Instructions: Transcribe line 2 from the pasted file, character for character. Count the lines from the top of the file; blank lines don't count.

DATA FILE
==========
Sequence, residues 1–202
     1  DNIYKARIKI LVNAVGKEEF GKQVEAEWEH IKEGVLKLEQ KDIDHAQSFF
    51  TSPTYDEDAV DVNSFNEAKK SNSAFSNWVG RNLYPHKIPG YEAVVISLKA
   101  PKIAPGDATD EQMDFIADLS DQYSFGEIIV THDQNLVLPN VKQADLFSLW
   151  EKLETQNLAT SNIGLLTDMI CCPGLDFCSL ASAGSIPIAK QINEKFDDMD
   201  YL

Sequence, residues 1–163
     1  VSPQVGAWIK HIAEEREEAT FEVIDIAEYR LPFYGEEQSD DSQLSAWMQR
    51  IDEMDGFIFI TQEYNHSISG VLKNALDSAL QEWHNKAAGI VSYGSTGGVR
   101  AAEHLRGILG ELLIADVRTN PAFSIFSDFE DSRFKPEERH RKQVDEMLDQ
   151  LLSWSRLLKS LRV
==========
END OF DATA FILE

     1  DNIYKARIKI LVNAVGKEEF GKQVEAEWEH IKEGVLKLEQ KDIDHAQSFF